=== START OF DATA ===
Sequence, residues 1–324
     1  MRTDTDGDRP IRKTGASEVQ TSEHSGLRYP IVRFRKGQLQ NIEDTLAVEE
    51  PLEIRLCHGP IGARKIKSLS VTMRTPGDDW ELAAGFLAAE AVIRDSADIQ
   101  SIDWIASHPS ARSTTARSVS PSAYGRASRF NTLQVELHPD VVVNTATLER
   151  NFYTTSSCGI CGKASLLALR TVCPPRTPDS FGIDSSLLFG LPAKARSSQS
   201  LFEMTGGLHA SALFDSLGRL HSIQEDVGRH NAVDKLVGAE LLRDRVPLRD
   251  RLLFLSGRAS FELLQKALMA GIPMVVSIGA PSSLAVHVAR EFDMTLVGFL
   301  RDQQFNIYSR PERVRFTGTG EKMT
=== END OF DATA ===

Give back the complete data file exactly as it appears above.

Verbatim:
Sequence, residues 1–324
     1  MRTDTDGDRP IRKTGASEVQ TSEHSGLRYP IVRFRKGQLQ NIEDTLAVEE
    51  PLEIRLCHGP IGARKIKSLS VTMRTPGDDW ELAAGFLAAE AVIRDSADIQ
   101  SIDWIASHPS ARSTTARSVS PSAYGRASRF NTLQVELHPD VVVNTATLER
   151  NFYTTSSCGI CGKASLLALR TVCPPRTPDS FGIDSSLLFG LPAKARSSQS
   201  LFEMTGGLHA SALFDSLGRL HSIQEDVGRH NAVDKLVGAE LLRDRVPLRD
   251  RLLFLSGRAS FELLQKALMA GIPMVVSIGA PSSLAVHVAR EFDMTLVGFL
   301  RDQQFNIYSR PERVRFTGTG EKMT